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Smith v. PacerMonitor, LLC

Feb 12, 2020
19-CV-11849 (PAE) (JLC) (S.D.N.Y. Feb. 12, 2020)


19-CV-11849 (PAE) (JLC)


PAMELA SMITH, Plaintiff, v. PACERMONITOR, LLC, et al., Defendants.

TRANSFER ORDER JAMES L. COTT, United States Magistrate Judge.

Plaintiff Pamela Smith, proceeding pro se, filed the present action pursuant to 42 U.S.C. §§ 1983 and 1985, alleging that Defendants violated her constitutional rights. Named as Defendants are PacerMonitor, LLC, the Oklahoma Attorney General, and the Tulsa County District Attorney. The Court sua sponte raised the issue as to whether venue properly lies in the Southern District of New York because two of the three Defendants reside in Oklahoma, the events giving rise to the complaint occurred in Oklahoma, and the claims arise out of lawsuits brought in the Northern and Western Districts of Oklahoma (and even if venue were proper, whether the case should be transferred). For the reasons set forth below, this action is transferred to the United States District Court for the Northern District of Oklahoma.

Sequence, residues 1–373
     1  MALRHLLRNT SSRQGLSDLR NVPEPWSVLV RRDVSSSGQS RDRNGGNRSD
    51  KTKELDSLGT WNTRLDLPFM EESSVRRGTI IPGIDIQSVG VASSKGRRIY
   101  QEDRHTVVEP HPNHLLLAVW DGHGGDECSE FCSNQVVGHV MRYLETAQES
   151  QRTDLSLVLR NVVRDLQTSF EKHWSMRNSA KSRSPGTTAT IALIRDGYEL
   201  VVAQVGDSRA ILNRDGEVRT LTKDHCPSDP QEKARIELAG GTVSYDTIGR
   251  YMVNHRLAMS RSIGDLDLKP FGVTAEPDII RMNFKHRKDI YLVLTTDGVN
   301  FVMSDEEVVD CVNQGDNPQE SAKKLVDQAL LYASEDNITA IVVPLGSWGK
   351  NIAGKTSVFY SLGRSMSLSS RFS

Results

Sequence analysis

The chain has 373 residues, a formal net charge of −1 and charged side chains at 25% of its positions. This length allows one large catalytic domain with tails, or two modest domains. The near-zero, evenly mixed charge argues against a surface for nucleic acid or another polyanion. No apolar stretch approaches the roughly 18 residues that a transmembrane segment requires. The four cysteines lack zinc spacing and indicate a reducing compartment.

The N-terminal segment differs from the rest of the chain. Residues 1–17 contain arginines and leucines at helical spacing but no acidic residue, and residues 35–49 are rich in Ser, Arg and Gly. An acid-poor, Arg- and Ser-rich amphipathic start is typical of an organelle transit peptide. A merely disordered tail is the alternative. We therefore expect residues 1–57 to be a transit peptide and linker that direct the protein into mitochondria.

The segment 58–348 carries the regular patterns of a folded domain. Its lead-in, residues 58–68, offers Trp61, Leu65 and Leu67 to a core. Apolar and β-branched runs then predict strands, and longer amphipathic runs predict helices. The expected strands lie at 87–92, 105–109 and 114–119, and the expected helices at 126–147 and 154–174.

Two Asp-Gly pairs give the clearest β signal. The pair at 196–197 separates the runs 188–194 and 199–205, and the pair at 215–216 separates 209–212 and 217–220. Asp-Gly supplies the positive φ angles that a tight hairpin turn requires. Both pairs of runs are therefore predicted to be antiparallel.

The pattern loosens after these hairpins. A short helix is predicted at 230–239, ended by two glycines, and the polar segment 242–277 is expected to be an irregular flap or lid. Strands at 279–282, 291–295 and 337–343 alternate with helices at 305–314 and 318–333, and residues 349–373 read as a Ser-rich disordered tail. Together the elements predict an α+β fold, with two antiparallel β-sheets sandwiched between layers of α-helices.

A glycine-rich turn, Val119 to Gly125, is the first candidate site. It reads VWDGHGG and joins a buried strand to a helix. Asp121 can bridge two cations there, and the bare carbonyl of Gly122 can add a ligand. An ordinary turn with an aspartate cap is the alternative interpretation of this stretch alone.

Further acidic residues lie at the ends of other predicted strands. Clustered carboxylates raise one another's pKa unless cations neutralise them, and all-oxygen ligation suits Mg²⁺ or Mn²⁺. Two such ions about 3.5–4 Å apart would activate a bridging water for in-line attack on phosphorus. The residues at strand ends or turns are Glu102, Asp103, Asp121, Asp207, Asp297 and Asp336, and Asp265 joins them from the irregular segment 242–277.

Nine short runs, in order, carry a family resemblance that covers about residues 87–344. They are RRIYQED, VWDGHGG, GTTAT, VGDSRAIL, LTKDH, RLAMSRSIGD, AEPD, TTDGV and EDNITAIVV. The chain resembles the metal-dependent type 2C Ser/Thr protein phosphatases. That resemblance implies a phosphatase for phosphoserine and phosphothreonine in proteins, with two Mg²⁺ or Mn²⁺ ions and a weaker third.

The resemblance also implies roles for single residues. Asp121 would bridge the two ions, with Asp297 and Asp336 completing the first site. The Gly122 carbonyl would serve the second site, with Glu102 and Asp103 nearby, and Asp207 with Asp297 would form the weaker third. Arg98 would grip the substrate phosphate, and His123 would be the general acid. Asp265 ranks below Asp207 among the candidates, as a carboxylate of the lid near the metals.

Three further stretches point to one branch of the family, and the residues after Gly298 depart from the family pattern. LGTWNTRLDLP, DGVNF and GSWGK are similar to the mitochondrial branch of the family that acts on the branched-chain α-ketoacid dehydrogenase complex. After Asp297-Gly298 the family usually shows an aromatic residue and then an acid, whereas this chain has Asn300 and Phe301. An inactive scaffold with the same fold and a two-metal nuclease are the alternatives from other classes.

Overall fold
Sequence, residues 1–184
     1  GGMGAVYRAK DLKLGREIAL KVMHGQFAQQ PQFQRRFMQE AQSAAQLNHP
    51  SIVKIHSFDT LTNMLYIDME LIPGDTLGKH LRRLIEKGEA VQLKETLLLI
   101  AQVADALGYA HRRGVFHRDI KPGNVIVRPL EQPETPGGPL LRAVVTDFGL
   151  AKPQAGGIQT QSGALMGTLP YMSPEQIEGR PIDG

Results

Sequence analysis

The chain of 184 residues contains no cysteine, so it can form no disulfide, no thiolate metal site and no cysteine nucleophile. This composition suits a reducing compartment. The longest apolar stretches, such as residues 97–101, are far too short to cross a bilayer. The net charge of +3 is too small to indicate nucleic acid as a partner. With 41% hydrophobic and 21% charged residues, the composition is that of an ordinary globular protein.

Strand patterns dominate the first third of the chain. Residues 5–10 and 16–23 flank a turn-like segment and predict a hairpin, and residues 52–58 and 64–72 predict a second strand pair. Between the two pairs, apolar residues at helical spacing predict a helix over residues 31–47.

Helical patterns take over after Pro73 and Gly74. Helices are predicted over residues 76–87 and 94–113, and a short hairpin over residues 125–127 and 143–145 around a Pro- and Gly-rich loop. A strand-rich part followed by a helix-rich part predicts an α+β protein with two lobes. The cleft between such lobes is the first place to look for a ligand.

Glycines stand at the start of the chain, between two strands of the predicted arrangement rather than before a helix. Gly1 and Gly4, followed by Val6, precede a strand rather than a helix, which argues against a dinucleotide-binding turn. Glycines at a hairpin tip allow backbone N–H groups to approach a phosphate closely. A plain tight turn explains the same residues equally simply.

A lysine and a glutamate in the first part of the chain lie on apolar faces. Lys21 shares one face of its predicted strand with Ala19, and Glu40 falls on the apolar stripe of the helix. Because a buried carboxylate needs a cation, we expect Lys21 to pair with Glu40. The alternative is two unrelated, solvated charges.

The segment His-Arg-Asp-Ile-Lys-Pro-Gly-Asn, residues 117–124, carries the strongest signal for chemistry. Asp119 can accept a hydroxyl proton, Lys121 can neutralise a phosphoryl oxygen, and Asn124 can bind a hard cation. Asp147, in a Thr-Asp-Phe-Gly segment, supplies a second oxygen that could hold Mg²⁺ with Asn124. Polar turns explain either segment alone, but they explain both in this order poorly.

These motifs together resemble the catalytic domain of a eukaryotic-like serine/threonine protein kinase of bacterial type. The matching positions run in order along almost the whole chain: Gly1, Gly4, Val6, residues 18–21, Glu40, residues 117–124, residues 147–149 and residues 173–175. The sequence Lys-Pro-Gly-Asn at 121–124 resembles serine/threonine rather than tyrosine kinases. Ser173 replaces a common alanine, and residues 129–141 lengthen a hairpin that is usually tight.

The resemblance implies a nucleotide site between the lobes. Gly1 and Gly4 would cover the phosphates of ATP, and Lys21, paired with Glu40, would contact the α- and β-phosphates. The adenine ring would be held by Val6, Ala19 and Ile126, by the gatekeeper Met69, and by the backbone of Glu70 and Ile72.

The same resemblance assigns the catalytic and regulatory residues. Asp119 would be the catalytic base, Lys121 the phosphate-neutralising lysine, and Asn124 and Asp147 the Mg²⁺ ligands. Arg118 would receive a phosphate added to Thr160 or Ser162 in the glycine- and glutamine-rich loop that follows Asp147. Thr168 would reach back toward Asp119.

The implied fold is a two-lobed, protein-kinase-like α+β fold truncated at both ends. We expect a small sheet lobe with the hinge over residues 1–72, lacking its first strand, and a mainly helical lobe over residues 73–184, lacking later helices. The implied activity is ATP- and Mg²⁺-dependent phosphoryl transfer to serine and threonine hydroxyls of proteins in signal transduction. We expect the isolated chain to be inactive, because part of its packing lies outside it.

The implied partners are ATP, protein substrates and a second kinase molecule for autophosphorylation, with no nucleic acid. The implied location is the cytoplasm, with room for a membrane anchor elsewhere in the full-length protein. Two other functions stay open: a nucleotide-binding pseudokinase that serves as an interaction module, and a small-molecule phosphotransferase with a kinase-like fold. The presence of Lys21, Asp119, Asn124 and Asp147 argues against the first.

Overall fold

Because a motion to transfer venue is non-dispositive, this Court, to whom the case was referred by Judge Engelmayer for general pretrial supervision (Dkt. No. 4), will adjudicate it by order pursuant to 28 U.S.C. § 636(b)(1)(A) (rather than by issuing a report and recommendation). See, e.g., United States ex rel. Fisher v. Bank of Am., N.A., 204 F. Supp. 3d 618, 620 n.1 (S.D.N.Y. 2016); Adams v. Barnhart, No. 03-CV-1362 (KMW) (GWG), 2003 WL 21912543, at *1 (S.D.N.Y. Aug. 8, 2003). Under Rule 72(a) of the Federal Rules of Civil Procedure, a district judge may modify or set aside any portion of a magistrate judge's non-dispositive order only if it is found to be "clearly erroneous or contrary to law." Fed R. Civ. P. 72(a); 28 U.S.C. § 636(b)(1)(A).